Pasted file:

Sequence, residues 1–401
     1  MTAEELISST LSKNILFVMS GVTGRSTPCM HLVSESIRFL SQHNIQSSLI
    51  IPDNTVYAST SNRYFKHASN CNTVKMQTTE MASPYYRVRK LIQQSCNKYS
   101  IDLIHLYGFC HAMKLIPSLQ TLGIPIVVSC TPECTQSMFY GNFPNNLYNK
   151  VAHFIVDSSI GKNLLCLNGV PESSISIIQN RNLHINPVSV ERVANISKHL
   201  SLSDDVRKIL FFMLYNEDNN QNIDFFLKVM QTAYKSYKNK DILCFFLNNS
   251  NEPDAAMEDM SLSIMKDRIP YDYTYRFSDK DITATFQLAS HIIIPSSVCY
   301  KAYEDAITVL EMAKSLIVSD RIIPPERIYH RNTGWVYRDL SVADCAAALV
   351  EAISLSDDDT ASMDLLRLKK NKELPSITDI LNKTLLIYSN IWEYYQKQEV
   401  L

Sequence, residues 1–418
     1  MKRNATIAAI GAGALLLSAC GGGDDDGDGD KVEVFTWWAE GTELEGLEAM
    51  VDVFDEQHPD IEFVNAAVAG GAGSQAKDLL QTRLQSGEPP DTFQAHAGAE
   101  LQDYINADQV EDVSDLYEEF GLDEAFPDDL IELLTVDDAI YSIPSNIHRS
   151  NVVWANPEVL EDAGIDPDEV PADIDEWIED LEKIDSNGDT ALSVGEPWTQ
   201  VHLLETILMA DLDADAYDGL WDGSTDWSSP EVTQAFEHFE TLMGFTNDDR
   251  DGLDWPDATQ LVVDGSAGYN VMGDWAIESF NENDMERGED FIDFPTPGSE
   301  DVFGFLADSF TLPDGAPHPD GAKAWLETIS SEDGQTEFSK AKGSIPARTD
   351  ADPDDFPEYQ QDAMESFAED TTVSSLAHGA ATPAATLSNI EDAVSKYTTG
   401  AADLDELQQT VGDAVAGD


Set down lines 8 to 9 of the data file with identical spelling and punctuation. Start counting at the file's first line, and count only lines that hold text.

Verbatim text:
   301  KAYEDAITVL EMAKSLIVSD RIIPPERIYH RNTGWVYRDL SVADCAAALV
   351  EAISLSDDDT ASMDLLRLKK NKELPSITDI LNKTLLIYSN IWEYYQKQEV